Shares in electric car company Tesla cratered today, dropping over 7 percent by the end of regular trading. The company’s equity managed a partial recovery by the end of the day, leaving its intra-day lows behind.
Why the drop? Tesla lost a coveted Consumer Reports recommendation and was given a “worse-than-average” rating in its place. The reason? Tesla’s Model S sedan reportedly experienced an “array of detailed and complicated maladies.” As we reported earlier, the “main problems,” involve the drivetrain, power equipment, charging equipment, its touch-screen center console and various sunroof issues, including leaks. Having said that, the Tesla S still got high marks on responsiveness and repairs, so the market reaction might actually be a bit of an overreaction.
Tesla has long been a darling of the technology world. Even after its recent declines, Tesla is worth north of $25 billion, valuing it well north of Twitter, for example. Shares of the company peaked this summer, cresting the $280 mark. Today, Tesla nearly traded for a flat $200.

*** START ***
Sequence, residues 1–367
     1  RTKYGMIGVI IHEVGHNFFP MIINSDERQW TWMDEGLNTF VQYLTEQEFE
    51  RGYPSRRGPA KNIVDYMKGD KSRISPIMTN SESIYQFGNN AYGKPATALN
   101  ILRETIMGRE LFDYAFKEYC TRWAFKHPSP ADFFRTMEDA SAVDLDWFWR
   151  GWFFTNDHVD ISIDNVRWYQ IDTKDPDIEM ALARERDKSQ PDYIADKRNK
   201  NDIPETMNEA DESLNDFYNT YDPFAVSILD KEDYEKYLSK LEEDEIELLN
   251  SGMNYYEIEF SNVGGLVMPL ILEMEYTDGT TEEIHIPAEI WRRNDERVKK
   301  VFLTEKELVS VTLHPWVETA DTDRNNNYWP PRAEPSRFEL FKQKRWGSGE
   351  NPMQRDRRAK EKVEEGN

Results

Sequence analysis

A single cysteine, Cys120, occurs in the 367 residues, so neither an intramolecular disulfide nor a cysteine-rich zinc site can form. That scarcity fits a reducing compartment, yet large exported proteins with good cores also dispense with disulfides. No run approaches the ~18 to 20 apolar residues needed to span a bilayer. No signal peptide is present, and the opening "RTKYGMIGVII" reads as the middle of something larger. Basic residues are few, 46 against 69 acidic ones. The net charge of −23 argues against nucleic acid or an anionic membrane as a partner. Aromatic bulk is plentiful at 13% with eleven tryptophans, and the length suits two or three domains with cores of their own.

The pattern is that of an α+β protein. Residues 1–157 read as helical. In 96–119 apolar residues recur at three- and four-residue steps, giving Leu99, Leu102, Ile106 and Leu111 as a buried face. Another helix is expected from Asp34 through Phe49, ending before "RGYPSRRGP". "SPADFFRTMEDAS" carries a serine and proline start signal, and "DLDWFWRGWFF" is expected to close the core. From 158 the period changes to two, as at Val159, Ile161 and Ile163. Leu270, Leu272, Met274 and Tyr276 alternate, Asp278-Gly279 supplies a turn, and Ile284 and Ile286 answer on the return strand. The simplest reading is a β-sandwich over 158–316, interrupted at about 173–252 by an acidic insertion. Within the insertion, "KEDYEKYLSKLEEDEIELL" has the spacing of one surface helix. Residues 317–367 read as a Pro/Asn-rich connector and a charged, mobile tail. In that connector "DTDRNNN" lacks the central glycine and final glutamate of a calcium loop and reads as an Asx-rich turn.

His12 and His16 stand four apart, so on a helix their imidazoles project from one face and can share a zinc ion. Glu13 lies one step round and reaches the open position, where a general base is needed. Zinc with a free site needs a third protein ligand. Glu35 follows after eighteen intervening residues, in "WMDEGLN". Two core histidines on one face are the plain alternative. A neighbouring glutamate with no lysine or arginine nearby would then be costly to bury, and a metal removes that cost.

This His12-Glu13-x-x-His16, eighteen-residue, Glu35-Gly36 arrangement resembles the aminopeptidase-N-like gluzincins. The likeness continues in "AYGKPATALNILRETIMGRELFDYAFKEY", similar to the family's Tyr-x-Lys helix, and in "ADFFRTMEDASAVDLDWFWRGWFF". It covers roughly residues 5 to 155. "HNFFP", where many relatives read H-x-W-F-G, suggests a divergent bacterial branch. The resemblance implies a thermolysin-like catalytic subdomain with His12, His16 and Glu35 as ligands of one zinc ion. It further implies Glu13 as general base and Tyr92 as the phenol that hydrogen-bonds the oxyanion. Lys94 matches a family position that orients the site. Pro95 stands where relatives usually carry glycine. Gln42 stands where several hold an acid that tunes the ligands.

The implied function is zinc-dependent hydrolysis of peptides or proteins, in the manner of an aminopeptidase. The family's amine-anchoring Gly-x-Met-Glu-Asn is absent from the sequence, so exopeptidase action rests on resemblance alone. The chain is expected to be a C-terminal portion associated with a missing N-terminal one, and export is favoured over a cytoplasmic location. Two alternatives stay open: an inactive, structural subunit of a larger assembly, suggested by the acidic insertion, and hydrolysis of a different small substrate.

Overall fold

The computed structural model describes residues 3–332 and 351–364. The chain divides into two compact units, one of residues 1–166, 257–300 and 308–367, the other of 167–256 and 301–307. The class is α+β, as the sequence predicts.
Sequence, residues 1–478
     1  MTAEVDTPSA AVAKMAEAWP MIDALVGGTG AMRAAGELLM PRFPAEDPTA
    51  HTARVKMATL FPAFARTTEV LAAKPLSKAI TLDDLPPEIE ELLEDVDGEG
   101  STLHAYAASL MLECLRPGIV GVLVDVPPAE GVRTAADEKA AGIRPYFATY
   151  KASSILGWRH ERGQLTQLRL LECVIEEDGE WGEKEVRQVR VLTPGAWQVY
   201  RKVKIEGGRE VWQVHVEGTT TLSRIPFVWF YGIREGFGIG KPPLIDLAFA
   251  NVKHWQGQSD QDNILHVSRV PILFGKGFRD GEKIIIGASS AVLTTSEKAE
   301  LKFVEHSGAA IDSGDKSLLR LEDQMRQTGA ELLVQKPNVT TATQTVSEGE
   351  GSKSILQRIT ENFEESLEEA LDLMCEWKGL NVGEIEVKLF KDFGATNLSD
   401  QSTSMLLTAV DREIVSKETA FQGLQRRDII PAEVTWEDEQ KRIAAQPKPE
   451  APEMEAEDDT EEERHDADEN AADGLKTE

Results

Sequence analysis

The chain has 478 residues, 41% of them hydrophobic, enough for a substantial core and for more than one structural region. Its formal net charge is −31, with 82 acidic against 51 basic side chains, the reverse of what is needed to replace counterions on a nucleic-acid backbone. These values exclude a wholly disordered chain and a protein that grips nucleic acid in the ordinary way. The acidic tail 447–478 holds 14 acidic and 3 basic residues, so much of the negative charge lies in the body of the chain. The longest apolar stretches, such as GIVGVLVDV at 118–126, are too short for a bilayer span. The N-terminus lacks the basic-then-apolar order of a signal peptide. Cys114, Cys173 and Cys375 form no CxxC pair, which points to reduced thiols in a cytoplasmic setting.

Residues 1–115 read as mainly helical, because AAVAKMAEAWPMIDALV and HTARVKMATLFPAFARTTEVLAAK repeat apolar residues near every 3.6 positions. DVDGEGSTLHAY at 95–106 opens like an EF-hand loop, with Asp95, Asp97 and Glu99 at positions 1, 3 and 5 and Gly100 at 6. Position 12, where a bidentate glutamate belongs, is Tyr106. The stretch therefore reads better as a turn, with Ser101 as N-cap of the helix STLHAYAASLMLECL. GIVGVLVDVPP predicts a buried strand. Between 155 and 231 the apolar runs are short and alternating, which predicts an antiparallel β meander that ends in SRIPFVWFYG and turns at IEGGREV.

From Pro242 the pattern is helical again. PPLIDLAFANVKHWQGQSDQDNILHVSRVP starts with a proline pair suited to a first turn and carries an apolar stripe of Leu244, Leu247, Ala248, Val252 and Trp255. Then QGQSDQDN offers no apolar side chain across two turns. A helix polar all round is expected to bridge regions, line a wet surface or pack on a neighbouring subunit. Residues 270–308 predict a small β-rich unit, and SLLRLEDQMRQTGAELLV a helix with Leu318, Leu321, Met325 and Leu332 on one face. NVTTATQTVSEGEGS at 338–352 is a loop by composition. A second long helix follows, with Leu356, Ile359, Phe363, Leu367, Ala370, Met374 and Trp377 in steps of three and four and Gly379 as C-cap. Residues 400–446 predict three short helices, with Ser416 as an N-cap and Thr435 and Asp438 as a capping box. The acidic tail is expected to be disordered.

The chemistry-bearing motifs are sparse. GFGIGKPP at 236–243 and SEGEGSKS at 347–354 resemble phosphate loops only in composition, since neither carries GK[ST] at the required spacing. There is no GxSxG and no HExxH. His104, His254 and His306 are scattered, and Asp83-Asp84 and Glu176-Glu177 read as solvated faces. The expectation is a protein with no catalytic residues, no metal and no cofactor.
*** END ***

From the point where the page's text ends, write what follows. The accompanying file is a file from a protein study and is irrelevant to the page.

The company recent announced a new vehicle, a luxury SUV that will cost around $130,000. The SUV, called the Model X, was so hard to build that Tesla CEO told the press that he was “not sure anyone should have made [it].”
Be that as it may, Tesla has long been a company that has grown on the strength of the Model S. To see that key driver of income dinged therefore matters more than you might expect.
Tesla has its fair share of financial detractors. The company’s explosive revenue growth that propelled it from 2011 through 2014 have slowed. In fact, according to data compiled by Google Finance, Tesla has seen essentially essentially stagnant revenue growth in the last three quarters, coupled to increasing losses.
The car company reports its third quarter results on November 3.